The key to healthy relationships? It starts at school

Tender Ambassador Jodie Whittaker visits Valentine’s Tender workshop

As we celebrate romance this Valentine’s Day, Tender is calling for all young people to have access to creative education to empower them with the skills to build healthy relationships.

At a special event attended by Doctor Who star and Tender Ambassador Jodie Whittaker, Tender demonstrated how creative practice from theatre and the arts can support young people to learn about healthy relationships and prevent violence and abuse.

Hosted by Mulberry Academy Woodside, a secondary school in Wood Green with a mission to provide exceptional education and experiences to every child, every day, the workshop offered a taster of Tender’s secondary school programmes, currently in action throughout the UK.

With Jodie’s help, Tender’s expert facilitators guided Year 9 students through a series of activities to unlock their creativity while embedding positive attitudes and behaviours.

Young people at risk of abuse

Young people aged 16 – 24 are at highest risk of experiencing abuse from a romantic partner (ONS, 2022). Although Relationships, Sex and Health Education (RSHE) is now compulsory in all UK schools, research suggests young people aren’t yet equipped with the understanding to recognise abuse and/or seek support.*

Harnessing the power of drama and the arts, Tender workshops create a safe, inclusive space for exploration and rehearsal. Young people learn about empathy and consent through a wide range of activities incorporating theatre, film and art. Highly trained facilitators support young people to understand different forms of abuse in friendships and romantic relationships, and how to seek help for themselves and their peers.

Jodie Whittaker, Tender Ambassador, says: ‘I was thrilled to attend Tender’s workshop today and see firsthand the positive impact they have on young people.

‘Relationships can be wonderful – but they can also leave us vulnerable to abuse – emotional, physical, financial/economic. Tender’s approach gives young people a creative, safe and supportive place to explore these issues and learn what healthy, happy relationships really look like.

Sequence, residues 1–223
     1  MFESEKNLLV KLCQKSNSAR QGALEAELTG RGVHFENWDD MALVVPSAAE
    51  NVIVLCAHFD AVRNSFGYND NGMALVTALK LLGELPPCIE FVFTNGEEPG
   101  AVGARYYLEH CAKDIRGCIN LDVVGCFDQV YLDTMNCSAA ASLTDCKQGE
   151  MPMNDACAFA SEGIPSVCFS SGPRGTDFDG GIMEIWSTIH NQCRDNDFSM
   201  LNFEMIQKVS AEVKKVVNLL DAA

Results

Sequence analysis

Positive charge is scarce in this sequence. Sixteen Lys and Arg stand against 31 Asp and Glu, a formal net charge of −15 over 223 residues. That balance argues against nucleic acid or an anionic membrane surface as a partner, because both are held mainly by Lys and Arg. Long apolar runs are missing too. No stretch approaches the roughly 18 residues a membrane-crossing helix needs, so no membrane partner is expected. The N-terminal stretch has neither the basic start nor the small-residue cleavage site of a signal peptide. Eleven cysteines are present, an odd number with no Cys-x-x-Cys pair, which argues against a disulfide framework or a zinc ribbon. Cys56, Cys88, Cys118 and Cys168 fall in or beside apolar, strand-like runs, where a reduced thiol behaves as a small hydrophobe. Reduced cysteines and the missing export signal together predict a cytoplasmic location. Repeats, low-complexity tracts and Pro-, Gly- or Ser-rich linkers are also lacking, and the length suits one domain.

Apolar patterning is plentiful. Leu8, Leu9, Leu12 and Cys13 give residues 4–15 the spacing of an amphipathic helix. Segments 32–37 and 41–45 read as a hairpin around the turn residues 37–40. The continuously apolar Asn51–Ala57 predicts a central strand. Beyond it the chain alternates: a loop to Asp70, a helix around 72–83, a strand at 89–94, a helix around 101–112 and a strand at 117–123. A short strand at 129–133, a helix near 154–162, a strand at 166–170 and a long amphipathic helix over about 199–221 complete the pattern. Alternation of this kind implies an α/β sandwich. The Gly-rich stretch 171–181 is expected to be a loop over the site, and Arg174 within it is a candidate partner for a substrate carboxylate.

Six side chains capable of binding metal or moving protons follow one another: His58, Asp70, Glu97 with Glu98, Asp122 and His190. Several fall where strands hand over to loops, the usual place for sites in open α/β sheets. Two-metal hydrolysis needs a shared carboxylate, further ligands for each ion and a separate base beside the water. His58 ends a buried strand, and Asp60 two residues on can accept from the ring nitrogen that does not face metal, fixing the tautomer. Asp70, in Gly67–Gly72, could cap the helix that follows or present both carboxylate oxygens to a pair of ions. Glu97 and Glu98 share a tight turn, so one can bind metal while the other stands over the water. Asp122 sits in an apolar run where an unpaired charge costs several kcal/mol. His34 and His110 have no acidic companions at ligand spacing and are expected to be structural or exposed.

‘Tender prevents abuse before it starts, helping us build a healthy, loving future.’

Susie McDonald, CEO of Tender, says: ‘Far too many young people are growing up unable to recognise abuse – in their own behaviour as well as their partners’.   

‘Tender’s arts-based approach engages students in new and innovative ways.  Developed with young people from all backgrounds, our workshops empower them to go into the world with the skills and understanding to have joyous romantic relationships – and happy Valentine’s Days for many years to come.’

*A 2022 report by SafeLives found that, even with the new RSHE curriculum, only 46% of students felt confident about who to talk to if they or someone they know is experiencing abuse. Just 24% of young people could recall being taught about coercive control in RSHE classes and only 13% believed this topic was taught well.

Meanwhile, in 2021, an Ofsted review revealed that ‘sexual harassment occurs so frequently [in young people’s lives] that it has become ‘commonplace’. Campaigns such as Everyone’s Invited have published more than 50,000 anonymous accounts of sexual violence at UK educational settings. A 2022 poll by the NASUWT teachers’ union of 1,500 female members found 58% had experienced misogyny from pupils.

Media information

Susie McDonald, CEO of Tender, is available for interview. For media enquiries and interview requests about Tender, please contact (Mon-Wed) / (Thurs-Fri.)

For enquiries about Jodie Whittaker, please contact

For enquiries regarding Mulberry Academy Woodside, please contact

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